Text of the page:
17. Donald W.K. Andrews, 1990. "Tests for Parameter Instability and Structural Change with Unknown Change Point," Cowles Foundation Discussion Papers 943, Cowles Foundation for Research in Economics, Yale University.
  18. Perron, P., 1989. "Testing For A Unit Root In A Time Series With A Changing Mean," Papers 347, Princeton, Department of Economics - Econometric Research Program.
  19. Marvin Goodfriend & Robert G. King, 2001. "The case for price stability," Working Paper 01-02, Federal Reserve Bank of Richmond.
  20. Richard Clarida & Jordi Galí & Mark Gertler, 1997. "The science of monetary policy: A new Keynesian perspective," Economics Working Papers 356, Department of Economics and Business, Universitat Pompeu Fabra, revised Apr 1999.
  21. Taylor, John B., 2000. "Low inflation, pass-through, and the pricing power of firms," European Economic Review, Elsevier, vol. 44(7), pages 1389-1408, June.
  22. Jeffrey C. Fuhrer, 2000. "Habit Formation in Consumption and Its Implications for Monetary-Policy Models," American Economic Review, American Economic Association, vol. 90(3), pages 367-390, June.
  23. Christopher J. Erceg & Andrew T. Levin, 2001. "Imperfect credibility and inflation persistence," Finance and Economics Discussion Series 2001-45, Board of Governors of the Federal Reserve System (U.S.).
  24. Bordo, Michael D. & Schwartz, Anna J., 1999. "Under what circumstances, past and present, have international rescues of countries in financial distress been successful?," Journal of International Money and Finance, Elsevier, vol. 18(4), pages 683-708, August.
  25. Luca Benati, 2008. "Investigating Inflation Persistence Across Monetary Regimes," The Quarterly Journal of Economics, MIT Press, vol. 123(3), pages 1005-1060, August.
  26. Robert B. Barsky, 1986. "The Fisher Hypothesis and the Forecastability and Persistence of Inflation," NBER Working Papers 1927, National Bureau of Economic Research, Inc.
  27. Chang-Jin Kim & Charles Nelson & Jeremy Piger, 2001. "The less volatile U.S. economy: a Bayesian investigation of timing, breadth, and potential explanations," International Finance Discussion Papers 707, Board of Governors of the Federal Reserve System (U.S.).
  28. Buiter, Willem H & Jewitt, Ian, 1981. "Staggered Wage Setting with Real Wage Relativities: Variations on a Theme of Taylor," The Manchester School of Economic & Social Studies, University of Manchester, vol. 49(3), pages 211-28, September.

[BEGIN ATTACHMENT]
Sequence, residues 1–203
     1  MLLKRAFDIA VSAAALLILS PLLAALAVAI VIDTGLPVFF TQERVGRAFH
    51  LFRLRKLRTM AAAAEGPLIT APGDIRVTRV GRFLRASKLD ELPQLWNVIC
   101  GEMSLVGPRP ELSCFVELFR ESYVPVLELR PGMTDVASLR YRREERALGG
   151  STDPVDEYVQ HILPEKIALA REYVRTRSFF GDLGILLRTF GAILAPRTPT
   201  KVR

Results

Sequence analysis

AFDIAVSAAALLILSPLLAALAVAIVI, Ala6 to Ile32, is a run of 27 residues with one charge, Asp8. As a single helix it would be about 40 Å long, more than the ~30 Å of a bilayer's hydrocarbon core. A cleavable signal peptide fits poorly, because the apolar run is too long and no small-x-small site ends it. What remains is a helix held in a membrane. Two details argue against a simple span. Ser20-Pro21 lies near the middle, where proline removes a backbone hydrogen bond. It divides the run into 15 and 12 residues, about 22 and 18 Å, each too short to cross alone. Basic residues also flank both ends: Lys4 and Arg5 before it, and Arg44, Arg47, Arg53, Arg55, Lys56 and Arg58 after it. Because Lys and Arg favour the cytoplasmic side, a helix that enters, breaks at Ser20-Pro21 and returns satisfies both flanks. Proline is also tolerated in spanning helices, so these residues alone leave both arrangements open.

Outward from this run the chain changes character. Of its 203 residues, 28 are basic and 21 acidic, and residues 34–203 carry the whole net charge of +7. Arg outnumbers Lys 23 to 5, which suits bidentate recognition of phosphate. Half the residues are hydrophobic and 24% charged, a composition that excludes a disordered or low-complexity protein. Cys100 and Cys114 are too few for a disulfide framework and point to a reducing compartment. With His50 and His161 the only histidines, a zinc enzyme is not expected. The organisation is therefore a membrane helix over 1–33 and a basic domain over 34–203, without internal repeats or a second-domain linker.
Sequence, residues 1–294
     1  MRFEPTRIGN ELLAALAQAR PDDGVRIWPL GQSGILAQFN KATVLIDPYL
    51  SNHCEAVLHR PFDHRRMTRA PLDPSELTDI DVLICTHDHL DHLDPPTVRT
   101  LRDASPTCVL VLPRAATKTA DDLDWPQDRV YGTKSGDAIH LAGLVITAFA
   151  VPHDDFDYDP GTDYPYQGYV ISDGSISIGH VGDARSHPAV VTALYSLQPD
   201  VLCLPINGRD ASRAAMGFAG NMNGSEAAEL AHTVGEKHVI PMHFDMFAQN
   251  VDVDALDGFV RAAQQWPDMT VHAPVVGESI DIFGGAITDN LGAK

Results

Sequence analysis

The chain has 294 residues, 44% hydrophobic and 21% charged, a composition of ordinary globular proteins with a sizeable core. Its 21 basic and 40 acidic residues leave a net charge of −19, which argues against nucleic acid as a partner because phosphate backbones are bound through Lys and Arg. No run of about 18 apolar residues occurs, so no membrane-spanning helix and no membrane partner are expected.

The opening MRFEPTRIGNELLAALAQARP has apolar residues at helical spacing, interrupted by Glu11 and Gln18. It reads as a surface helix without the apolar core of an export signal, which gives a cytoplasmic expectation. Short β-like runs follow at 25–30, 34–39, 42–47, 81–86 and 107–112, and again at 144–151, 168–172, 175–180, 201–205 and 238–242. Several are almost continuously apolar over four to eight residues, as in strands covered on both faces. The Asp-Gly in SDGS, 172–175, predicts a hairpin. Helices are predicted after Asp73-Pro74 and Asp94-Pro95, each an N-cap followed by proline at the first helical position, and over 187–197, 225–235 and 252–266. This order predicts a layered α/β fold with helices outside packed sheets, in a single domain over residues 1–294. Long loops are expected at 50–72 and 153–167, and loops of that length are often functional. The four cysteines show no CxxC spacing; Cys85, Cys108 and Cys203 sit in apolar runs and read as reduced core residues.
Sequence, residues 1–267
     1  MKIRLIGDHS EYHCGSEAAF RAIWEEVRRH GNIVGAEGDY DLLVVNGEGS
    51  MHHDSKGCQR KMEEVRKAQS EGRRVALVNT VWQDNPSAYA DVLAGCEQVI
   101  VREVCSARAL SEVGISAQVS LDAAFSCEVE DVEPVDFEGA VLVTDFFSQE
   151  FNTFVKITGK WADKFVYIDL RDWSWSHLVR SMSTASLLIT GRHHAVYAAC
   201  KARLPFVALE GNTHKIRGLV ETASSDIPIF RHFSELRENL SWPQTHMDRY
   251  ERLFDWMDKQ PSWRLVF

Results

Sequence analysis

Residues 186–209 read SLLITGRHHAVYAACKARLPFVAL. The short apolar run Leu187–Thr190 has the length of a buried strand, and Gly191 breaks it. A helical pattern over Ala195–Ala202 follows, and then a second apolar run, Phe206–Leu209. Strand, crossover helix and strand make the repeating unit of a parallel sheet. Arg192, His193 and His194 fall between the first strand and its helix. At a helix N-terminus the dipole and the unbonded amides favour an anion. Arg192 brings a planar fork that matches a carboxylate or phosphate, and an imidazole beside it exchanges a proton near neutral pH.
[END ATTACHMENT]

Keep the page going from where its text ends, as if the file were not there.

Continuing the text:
29. Nelson, E., 1998. "Sluggish inflation and optimizing models of the business cycle," Journal of Monetary Economics, Elsevier, vol. 42(2), pages 303-322, July.
  30. Pivetta, Frederic & Reis, Ricardo, 2007. "The persistence of inflation in the United States," Journal of Economic Dynamics and Control, Elsevier, vol. 31(4), pages 1326-1358, April.
  31. Nelson, Charles R. & Plosser, Charles I., 1982. "Trends and random walks in macroeconmic time series : Some evidence and implications," Journal of Monetary Economics, Elsevier, vol. 10(2), pages 139-162.
  32. Rapach, David E & Wohar, Mark E, 2005. "Regime Changes in International Real Interest Rates: Are They a Monetary Phenomenon?," Journal of Money, Credit and Banking, Blackwell Publishing, vol. 37(5), pages 887-906, October.
  33. Norman Loayza & Raimundo Soto, 2002. "Inflation Targeting: An Overview," Central Banking, Analysis, and Economic Policies Book Series, in: Norman Loayza & Raimundo Soto & Norman Loayza (Series Editor) & Klaus Schmidt-Hebbel (Series Editor) (ed.), Inflation Targeting: Desing, Performance, Challenges, edition 1, volume 5, chapter 1, pages 001-022 Central Bank of Chile.
Full references (including those not matched with items on IDEAS)

Citations

Citations are extracted by the CitEc Project, subscribe to its RSS feed for this item.
as in new window

Cited by:
This item has more than 25 citations. To prevent cluttering this page, these citations are listed on a separate page.

Lists

This item is not listed on Wikipedia, on a reading list or among the top items on IDEAS.

Statistics

Access and download statistics

Corrections

When requesting a correction, please mention this item's handle: RePEc:ecb:ecbwps:20040334. See general information about how to correct material in RePEc.

For technical questions regarding this item, or to correct its authors, title, abstract, bibliographic or download information, contact: (Official Publications).

If you have authored this item and are not yet registered with RePEc, we encourage you to do it here. This allows to link your profile to this item. It also allows you to accept potential citations to this item that we are uncertain about.

If references are entirely missing, you can add them using this form.

If the full references list an item that is present in RePEc, but the system did not link to it, you can help with this form.

If you know of missing items citing this one, you can help us creating those links by adding the relevant references in the same way as above, for each refering item. If you are a registered author of this item, you may also want to check the "citations" tab in your profile, as there may be some citations waiting for confirmation.

Please note that corrections may take a couple of weeks to filter through the various RePEc services.